When antioxidant activity was evaluated, fresh fruit P. pubescens showed the highest rate and was significantly different from fruits stored at low temperatures. Despite the lower activity, the same pattern was observed for P. peruviana (Table 6).

Table 6. Antioxidant activity (µmol of Trolox g-1 of fruit) of fruits of two species of Physalis subjected to different storage conditions.


Physalis pubescens

Physalis peruviana

Fresh fruits

3.75 a*

1.69 a

Chilled fruits

1.37 b

1.46 b

Frozen fruits

1.01 b

1.15 b

*= mean values of the three replicates. Means followed by different letters in the same column statistically differ from each other by Tukey's test (p< 0.05).

Galani et al. (2017), tested the antioxidant activity of several species, including tomato, and verified the reduction of this activity with storage at 4 °C for 15 days. However, reducing antioxidant capacity is not the rule. Some studies point to different results with small fruits, such as strawberry, raspberry, red currant and others, where both the decrease and improvement of antioxidant activity were found and depended on the species, temperature (-20 °C, 4 °C or 25 °C) storage time and analysis methodology (Šamec et al., 2011, 2015).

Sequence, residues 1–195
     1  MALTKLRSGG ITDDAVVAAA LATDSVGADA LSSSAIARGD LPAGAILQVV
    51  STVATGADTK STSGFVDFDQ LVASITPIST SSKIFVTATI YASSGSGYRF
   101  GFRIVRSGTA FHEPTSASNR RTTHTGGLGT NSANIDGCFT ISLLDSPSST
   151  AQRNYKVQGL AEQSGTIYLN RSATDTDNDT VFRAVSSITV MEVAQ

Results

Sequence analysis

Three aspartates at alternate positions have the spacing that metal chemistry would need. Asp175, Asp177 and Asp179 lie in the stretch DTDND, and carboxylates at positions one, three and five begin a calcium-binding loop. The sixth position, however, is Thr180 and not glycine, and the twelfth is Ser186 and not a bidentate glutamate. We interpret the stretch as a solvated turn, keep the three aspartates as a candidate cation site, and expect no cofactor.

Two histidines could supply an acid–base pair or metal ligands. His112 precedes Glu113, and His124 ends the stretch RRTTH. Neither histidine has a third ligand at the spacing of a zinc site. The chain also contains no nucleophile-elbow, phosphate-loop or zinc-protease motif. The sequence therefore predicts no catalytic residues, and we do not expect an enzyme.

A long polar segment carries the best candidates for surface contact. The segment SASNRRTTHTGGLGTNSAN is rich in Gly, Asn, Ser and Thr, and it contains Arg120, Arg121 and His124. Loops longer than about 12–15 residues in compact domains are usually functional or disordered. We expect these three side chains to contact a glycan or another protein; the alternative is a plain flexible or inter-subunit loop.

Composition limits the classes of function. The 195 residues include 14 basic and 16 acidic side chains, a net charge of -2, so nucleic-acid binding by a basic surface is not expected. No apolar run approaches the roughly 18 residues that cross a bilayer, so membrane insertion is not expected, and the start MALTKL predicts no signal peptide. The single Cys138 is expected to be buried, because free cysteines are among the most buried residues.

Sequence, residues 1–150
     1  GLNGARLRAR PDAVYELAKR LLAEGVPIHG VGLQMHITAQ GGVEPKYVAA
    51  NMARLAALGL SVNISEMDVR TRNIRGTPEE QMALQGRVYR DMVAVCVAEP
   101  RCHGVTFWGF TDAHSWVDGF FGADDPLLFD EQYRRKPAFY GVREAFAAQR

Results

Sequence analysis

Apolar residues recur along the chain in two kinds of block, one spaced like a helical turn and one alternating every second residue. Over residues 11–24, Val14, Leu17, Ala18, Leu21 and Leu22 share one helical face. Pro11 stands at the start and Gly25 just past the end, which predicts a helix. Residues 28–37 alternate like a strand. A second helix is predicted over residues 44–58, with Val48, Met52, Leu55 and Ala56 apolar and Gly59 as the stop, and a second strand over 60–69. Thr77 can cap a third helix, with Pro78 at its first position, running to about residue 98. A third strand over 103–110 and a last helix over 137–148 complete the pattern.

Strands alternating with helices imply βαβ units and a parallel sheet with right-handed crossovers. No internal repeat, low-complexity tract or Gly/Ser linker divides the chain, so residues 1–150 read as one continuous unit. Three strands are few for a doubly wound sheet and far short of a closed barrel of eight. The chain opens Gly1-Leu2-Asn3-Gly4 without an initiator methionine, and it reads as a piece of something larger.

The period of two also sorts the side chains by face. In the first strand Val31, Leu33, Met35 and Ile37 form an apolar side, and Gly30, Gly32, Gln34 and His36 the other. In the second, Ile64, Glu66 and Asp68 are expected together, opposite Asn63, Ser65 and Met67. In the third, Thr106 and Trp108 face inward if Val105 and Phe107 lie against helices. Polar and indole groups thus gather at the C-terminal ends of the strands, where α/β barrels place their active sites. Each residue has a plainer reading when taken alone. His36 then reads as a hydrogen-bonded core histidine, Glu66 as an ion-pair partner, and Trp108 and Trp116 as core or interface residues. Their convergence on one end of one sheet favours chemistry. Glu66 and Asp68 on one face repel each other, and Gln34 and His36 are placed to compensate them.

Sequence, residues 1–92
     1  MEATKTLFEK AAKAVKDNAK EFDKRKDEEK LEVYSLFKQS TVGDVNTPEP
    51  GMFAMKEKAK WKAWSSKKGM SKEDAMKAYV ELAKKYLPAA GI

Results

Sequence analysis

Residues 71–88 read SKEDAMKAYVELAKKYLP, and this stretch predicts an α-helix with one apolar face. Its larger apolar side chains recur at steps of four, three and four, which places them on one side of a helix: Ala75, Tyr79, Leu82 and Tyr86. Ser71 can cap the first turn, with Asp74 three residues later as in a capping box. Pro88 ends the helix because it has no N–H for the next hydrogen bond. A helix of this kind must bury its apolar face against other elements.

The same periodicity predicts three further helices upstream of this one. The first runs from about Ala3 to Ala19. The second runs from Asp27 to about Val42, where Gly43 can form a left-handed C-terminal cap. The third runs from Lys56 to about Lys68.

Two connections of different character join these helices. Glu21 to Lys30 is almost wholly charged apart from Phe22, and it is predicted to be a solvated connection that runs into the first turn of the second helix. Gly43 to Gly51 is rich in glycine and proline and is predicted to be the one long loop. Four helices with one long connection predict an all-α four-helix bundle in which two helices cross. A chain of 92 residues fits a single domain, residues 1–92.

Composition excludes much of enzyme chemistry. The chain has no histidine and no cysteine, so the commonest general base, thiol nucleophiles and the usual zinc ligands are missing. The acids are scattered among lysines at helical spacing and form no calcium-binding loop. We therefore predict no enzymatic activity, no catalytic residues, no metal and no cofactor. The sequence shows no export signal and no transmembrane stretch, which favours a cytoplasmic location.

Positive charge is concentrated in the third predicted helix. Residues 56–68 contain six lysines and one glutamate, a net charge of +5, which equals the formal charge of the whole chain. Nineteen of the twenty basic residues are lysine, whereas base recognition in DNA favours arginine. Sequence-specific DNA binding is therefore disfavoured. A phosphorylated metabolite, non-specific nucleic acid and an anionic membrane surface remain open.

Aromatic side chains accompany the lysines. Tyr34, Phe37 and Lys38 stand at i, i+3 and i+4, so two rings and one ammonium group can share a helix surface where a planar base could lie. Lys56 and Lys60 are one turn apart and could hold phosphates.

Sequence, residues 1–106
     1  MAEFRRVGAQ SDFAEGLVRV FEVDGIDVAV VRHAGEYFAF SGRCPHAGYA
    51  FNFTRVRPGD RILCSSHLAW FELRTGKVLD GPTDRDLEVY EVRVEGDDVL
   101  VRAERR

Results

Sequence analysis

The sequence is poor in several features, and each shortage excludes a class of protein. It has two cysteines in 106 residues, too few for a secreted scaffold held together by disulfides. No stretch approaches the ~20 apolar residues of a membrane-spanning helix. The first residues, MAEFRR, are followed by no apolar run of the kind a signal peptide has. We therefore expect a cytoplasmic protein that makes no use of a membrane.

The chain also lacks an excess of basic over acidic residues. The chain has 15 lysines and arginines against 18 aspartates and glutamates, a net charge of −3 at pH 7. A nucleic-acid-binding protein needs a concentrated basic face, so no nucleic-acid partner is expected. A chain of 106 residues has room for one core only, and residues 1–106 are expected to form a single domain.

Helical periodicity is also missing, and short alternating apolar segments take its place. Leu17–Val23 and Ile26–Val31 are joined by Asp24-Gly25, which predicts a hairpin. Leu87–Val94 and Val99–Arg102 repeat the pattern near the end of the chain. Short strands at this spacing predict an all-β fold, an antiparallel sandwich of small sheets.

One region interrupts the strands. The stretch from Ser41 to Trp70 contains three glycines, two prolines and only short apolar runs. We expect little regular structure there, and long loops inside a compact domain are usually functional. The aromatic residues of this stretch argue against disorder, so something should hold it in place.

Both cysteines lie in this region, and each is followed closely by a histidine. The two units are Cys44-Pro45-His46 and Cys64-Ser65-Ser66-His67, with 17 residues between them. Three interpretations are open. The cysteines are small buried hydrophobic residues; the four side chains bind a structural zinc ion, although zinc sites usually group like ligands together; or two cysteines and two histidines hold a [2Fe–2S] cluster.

The low antioxidant activity obtained in P. peruviana has been described by Severo et al. (2010); Vasco et al. (2008), with values ranging from 1.14 to 1.73 μmol TE g-1 and 0.7 μmol TE g-1, respectively, so it is described that the fruits of this species have a reduced antioxidant capacity, compared to blackberry, guava and mango. However, in other studies, such as de Rutz et al. (2012), values of approximately 9.71 μmol TE g-1 were obtained in fresh fruits.

In addition to the different methodologies used, the growth conditions, storage and other intrinsic factors are responsible for the variation in the responses found for the same species (Silva, 2013).


In general, the storage of fruits of both Physalis species, at low temperatures, caused losses of molecules responsible for some of the characteristics of fresh fruits, and freezing, despite being considered a way to maintain the viability of the fruit, it may not be indicated for the conservation of important compounds in human nutrition. It is evident that very low temperatures, such as -78 °C, are restricted to extreme conditions and do not represent the equipment found in consumers’ homes, but it helps to understand the behavior and maintenance of the bioactive compounds present in fresh food.

For both Physalis species, the refrigerated and frozen storage methods caused a decrease in the antioxidant capacity of the fruits and loss of physical-chemical characteristics of fresh fruits. However, it is known that other compounds can act as antioxidants, for example phenolic compounds. Therefore, more studies are required to prove or not these findings.


Thanks to the Universidade Tecnologica Federal do Parana for the structure and materials and the Fundação Araucaria for the concession of financial resources.